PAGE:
9 avril 2020 | International, Terrestre

COVID-19 Federal Funds, Benefits Lag For National Guard

President Trump has authorized only 34 states to receive federal funding and benefits for their Guard troops. While all of them get paid -- many out of rapidly depleting state coffers -- most aren’t yet getting full health coverage.

By   

WASHINGTON: Legal arcana and the narrow wording of President Trump’s orders are complicating the mobilization of National Guard troops to combat the COVID-19 coronavirus. The Pentagon, the White House, and the states are working urgently to increase the number of troops with federal funding and full benefits, said Gen. Joseph Lengyel, the four-star chief of the National Guard Bureau, in a phone briefing with reporters this afternoon.

Part of the problem is that President Trump has not actually authorized federal funding and benefits for every state. Only 34 states and three territories are currently covered by his call-up orders, with 16 states and the District of Columbia still ineligible. (The full list is at the end of this article). Indeed, it’s not clear that all states have even requested federal support for their Guard troops, especially in rural areas where the spread of the virus has been slower and suspicion of the federal government can be high.

Even once the president authorizes a given state, FEMA must still approve each request for funding. Finally, until yesterday, President Trump’s orders only permitted Guard troops to operate under federal orders for up to 30 days – one day too short to qualify for federal health coverage and other benefits.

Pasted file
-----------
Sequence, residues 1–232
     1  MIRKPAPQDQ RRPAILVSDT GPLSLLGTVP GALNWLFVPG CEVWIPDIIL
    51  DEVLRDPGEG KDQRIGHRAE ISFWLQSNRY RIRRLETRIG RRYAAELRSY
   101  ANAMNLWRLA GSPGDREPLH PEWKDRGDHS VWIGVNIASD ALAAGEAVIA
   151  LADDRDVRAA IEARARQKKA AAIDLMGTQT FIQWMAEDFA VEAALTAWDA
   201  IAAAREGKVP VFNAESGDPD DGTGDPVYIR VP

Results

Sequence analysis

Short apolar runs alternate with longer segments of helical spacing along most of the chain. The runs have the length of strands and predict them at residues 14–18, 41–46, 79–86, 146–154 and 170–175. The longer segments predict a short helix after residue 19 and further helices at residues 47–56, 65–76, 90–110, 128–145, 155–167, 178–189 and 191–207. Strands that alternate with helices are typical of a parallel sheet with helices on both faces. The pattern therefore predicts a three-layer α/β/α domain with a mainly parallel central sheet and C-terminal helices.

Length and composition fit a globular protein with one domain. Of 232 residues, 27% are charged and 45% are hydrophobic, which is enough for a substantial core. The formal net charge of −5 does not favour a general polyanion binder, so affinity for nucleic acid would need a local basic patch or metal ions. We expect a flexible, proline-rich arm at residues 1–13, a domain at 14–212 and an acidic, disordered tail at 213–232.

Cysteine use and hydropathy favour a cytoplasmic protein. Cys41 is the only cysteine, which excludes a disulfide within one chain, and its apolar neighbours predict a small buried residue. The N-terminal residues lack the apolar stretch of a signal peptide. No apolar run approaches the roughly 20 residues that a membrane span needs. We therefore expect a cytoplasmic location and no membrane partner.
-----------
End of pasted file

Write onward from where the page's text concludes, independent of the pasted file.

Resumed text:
So how many servicemembers are affected?

  • 28,400 personnel from both the Army and Air National Guard have been called up to help with the pandemic, Lengyel reported, a figure that’s now rising by more than 1,000 troops every day.
  • However, more than 13,000 of those troops are currently mobilized under state legal authorities, at their states’ expense. While their pay in this status is usually consistent with federal payscales — some states are less generous – their benefits are typically limited to basic workers’ compensation. Worse, whatever they get may not be sustainable since state coffers are being rapidly depleted by the crisis.
  • Not quite 11,000 are currently mobilized under Title 32, Section 502(f), which allows state governors to retain command-and-control of their Guard in local emergencies but provides federal funding – a number that is “growing rapidly,” Lengyel said.
  • But even among Guard troops on those federal Title 32 orders, it appears that most don’t yet enjoy the same benefits as members of the regular active-duty military and reserve working alongside them. In particular, most Guard troops aren’t getting the Basic Allowance for Housing (BAH), which helps troops on duty far from home pay for lodging if the military can’t provide it, and they don’t get access to the military’s nationwide healthcare network, Tricare. (Guard troops can go to military hospitals for free, but few of the coronavirus hotspots they’ve been called to are anywhere near a base).
  • Some 349 Guard troops have tested positive for COVID-19, although many of those were infected in civilian life and aren’t being called up.

Why aren’t all troops on federal orders already? And why aren’t all the troops on federal orders getting full benefits? That has to do with the often-obscure laws governing the National Guard and the way President Trump has chosen to invoke them.

First, Trump hasn’t yet authorized federally funded Title 32 call-ups across the country. Instead, on March 22, he authorized them only for Washington State, California, and New York – the three initial hotspots – and then began adding states a few at a time in subsequent orders on March 28March 30thApril 2nd and April 7th.